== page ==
["A nurse fed with pompous words": working conditions and the primary nursing demands at the beginning of the 1900s]

Riv Inferm. 1993 Apr-Jun;12(2):91-7.
[Article in Italian]

Abstract

Working conditions of nursing personnel at the beginning of the century varied widely from hospital to hospital: the number of working hours could range from 10 to 15 hours a day, with up to ten fold variability of (overall low) salary. Social security, holidays and retirement pensions were just dreams. Nurses had no right to proper meals and had to sleep in crowded, noisy and unhygienic rooms: the relationship between these conditions and quality of care was often debated on professional journals and in the Parliament. Unfortunately nursing Leagues were reluctant to go on strike because they did not want to harm patients. Pressures were put on hospital administrators in order to obtain more human living and working conditions for nurses: strike and claims were considered detrimental for the mission of nursing. The claim for a set of rules homogenous all over the country was opposed with the reason that extra money spent for nurses, would have been subtracted from resources available for patients.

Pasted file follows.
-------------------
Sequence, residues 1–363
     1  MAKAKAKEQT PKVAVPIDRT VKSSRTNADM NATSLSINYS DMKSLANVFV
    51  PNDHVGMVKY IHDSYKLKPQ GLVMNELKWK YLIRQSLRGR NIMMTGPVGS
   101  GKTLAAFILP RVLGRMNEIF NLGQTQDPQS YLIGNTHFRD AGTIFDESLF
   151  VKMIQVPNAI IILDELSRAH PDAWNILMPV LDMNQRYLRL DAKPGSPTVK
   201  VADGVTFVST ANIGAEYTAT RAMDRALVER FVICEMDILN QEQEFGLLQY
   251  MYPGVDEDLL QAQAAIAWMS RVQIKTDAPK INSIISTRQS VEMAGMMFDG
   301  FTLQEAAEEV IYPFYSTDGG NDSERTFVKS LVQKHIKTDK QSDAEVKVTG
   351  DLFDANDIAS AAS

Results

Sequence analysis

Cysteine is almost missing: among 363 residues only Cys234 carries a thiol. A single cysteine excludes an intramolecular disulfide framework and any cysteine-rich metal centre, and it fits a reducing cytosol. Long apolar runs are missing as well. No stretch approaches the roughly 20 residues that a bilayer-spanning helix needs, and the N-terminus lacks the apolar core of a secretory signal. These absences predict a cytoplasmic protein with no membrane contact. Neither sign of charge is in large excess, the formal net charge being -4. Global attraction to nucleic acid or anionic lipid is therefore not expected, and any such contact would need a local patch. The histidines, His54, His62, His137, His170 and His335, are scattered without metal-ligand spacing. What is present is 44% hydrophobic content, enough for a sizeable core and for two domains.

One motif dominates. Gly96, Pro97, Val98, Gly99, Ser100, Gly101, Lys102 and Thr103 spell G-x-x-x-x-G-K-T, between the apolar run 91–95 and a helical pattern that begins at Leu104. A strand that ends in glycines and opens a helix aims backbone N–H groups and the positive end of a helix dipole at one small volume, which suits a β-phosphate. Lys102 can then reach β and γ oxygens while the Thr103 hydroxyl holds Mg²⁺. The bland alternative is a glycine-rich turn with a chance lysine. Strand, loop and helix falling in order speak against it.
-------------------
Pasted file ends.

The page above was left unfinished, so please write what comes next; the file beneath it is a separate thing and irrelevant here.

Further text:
Publication types

  • English Abstract
  • Historical Article

MeSH terms

  • Female
  • History, 20th Century
  • Humans
  • Italy
  • Nursing Staff, Hospital / economics
  • Nursing Staff, Hospital / history*
  • Salaries and Fringe Benefits / history
  • Women, Working / history